EXCERPTED FROM http://sanjannagar.org/sagar-veena/Listen: http://vimeo.com/10682091
Sagar Veena is a completely new addition to the existing variety of stringed Instruments for playing North Indian Classical Music (NICM), and a new invention in musical instruments altogether. The name is divided into two parts; “Sagar” being a Sanskrit word for ocean, while “Veena” a generic term used to classify the family of stringed instruments, or more commonly known in Western musical nomenclature as chordophones.
Visually, the Sagar Veena belongs to the two-gourd family of Veenainstruments, but in essence it is a radical departure from all existing stringed instruments of NICM, in all respects, starting from the concept behind it to the minutest details of both its design and construction. In terms of sound and acoustics, Sagar Veena has an unparalleled range of timbres and pitch registers for the musician to explore and to create music. It is also a highly resonating instrument, which provides the overall quality of sound with richness and clarity.
Sagar Veena is an unfretted stringed instrument. Its vibrating part consists of nine playing strings and two drone chords, a wooden bridge with silver (never used before in any string instrument) transmitters orjowari, , and the sounding board. The nine playing strings are a combination of the three asthans in Indian Music, the Mandrasthan(bass), Madhasthan (mid range), and Tarasthan (highs); three strings representing each of the asthans. The resonating portion consists of two fabricated tumbas made from pieces of gourd joined together to form the desired shape and size. The geometry of the tumbas resembles that of a geodesic dome-like structure which helps them to resonate more musically compared to natural tumbas. These tumbas are connected by a hollow wooden tube in the middle.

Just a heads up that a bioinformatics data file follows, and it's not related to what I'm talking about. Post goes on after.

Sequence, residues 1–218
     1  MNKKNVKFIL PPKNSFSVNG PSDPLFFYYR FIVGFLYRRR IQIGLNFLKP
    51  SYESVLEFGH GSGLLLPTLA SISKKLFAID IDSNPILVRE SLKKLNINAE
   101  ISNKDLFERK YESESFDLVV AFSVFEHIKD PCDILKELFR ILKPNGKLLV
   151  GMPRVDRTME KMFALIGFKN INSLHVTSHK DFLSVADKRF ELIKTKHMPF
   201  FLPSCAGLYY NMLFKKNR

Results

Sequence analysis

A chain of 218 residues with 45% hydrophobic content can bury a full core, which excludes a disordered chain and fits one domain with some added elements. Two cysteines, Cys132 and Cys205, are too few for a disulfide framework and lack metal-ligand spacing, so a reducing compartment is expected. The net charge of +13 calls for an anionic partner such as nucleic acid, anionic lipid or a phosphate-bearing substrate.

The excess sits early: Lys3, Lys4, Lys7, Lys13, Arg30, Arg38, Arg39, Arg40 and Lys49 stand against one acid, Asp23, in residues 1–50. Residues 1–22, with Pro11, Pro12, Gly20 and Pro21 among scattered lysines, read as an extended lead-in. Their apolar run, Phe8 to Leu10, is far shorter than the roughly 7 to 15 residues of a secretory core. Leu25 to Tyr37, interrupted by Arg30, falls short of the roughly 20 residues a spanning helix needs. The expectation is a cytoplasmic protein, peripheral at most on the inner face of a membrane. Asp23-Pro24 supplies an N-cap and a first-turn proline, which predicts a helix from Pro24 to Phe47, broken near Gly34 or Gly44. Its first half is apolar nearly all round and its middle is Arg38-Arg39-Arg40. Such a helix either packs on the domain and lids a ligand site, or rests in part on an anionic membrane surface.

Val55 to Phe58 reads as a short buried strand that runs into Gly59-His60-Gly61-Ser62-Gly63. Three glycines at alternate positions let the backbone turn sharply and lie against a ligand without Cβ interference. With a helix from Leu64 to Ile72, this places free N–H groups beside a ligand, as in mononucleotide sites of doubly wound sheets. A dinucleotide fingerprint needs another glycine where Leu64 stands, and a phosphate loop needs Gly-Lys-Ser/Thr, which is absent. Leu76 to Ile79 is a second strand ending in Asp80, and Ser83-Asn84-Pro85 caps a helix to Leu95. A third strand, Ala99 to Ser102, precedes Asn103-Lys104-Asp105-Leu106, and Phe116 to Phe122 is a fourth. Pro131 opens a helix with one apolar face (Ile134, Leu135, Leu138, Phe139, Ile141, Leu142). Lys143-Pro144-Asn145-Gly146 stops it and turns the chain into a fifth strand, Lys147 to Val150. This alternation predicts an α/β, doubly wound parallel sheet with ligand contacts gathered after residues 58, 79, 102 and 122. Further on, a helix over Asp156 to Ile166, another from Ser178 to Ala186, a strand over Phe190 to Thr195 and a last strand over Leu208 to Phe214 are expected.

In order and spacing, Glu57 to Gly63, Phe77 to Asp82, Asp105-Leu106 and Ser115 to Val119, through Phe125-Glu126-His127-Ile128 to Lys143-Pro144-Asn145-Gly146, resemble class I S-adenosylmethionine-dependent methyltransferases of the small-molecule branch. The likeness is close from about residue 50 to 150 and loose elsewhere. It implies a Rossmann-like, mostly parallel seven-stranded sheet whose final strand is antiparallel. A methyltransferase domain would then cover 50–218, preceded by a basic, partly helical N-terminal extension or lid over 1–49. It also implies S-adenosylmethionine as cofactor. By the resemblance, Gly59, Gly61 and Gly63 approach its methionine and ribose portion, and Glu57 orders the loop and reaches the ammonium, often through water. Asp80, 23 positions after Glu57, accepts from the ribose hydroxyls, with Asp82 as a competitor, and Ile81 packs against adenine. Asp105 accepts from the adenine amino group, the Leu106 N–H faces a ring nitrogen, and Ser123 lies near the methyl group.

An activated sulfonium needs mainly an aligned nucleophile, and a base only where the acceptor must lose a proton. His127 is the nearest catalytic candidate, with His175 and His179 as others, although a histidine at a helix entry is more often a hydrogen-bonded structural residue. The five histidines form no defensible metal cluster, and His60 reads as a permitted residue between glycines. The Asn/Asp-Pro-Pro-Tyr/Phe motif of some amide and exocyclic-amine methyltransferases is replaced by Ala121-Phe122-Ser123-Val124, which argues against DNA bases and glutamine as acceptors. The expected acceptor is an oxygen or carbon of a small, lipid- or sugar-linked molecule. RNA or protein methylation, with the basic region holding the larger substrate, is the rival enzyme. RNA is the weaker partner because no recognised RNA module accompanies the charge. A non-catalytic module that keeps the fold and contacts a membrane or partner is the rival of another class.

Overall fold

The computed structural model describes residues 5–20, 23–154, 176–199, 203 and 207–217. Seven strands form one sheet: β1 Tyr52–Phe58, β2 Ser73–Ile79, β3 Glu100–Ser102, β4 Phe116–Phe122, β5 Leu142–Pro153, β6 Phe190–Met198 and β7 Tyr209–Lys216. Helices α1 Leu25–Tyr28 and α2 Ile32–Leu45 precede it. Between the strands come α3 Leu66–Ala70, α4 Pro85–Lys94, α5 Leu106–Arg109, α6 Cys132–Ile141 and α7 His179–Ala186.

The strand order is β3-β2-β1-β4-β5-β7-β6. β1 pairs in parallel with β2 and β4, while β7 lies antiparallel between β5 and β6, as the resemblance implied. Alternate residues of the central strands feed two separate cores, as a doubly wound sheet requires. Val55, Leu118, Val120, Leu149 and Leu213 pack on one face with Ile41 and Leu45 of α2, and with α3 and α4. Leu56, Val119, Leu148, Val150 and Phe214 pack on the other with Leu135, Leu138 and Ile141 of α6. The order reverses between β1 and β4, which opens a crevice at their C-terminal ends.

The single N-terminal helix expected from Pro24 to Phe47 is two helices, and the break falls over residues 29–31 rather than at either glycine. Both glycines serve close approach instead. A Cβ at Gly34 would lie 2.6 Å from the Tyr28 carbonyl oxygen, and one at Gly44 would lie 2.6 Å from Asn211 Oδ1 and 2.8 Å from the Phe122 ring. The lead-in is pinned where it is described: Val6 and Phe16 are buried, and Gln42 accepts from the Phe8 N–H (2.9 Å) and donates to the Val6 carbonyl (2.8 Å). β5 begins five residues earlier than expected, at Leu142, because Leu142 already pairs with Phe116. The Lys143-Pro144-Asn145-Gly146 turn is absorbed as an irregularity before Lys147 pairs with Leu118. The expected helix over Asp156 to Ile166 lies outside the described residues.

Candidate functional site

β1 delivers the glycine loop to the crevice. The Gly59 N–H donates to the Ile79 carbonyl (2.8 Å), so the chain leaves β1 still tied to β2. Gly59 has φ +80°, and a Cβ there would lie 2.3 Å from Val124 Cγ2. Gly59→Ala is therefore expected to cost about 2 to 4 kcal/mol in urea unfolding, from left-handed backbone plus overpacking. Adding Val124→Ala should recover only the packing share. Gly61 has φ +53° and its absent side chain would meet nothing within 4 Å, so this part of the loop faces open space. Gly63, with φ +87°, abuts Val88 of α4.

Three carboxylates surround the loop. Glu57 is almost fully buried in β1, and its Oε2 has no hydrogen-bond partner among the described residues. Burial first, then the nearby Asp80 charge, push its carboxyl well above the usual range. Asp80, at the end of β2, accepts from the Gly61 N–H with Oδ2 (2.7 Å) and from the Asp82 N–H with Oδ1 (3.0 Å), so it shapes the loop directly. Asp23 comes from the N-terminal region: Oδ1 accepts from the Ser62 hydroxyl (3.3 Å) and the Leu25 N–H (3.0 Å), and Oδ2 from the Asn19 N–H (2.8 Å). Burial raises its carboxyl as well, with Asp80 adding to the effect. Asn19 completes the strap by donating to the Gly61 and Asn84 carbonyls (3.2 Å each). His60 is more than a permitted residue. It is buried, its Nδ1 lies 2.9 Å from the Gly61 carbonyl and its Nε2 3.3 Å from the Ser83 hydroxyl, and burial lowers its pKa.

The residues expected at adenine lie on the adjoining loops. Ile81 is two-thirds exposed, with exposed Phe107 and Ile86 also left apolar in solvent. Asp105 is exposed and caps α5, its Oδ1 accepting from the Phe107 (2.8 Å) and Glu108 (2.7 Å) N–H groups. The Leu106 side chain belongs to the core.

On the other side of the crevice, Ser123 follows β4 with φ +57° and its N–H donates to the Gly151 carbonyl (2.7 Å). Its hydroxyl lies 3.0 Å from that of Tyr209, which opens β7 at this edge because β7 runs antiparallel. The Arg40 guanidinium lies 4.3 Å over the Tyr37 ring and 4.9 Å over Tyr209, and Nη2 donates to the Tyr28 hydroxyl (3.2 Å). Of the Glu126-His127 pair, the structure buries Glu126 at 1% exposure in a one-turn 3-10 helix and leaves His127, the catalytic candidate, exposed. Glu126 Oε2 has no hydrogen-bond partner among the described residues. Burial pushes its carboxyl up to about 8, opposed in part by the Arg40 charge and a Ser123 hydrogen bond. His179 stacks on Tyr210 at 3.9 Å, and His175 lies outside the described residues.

The dimensions and sizes of the different components in terms of their length, breadth, curvature, shape, thickness and the materials used have been finalized through a tedious process of experimentation and testing over a period of thirty eight years. During this period, especially since 1995, new tools and techniques have been developed to produce the desired inventions and innovations. So that beginning from a rather simple structure, Sagar Veena has now acquired a detailed and complex design, capable of producing the sound characteristics mentioned above.
In appearance the technique of playing the Sagar Veena resembles that of the Vichitra Veena or Mohan Veena ; that is, sliding a crystal ball or some other object across the strings at one end to produce and control different combinations and variations of musical sounds, and simultaneously plucking the strings on the other end with a plectrum to get the sound. However in actual terms it involves a much more subtle control in sliding the crystal ball over the strings, giving pressures and tensions through it, and also the plectrum wherever required, along with many other factors. The technique for playing Sagar Veena has developed along with the requirements emerging from a continuous upgrading of the instrument. Although, it has now reached a stable position, it is still being developed further and chiseled to reap the full potential of the instrument.
Ancient Indian Strings
The website of Baha’ud-din Dagar, son of the legendary Rudra Veena maestro Ustad Zia Mohiuddin Dagar.
Beenkar Sri Suvir Misra's site on the Veena
This site contains information about the construction and playing techniques of the Rudra Veena, Surbahar and Saraswati Veena. The site also contains some original work done by Shri Suvir Misra on the acoustics, construction and playing techniques of Rudr
Web-page on the Sanjan Nagar Institute of Philosophy & Arts describing the making of the Sagar Veena
Wikispace devoted to the Saraswati Veena and associated with the mailing list firstname.lastname@example.org, which has been serving as a forum for exchanging views and information among veena performers, students, and enthusiasts, since March 23, 2003.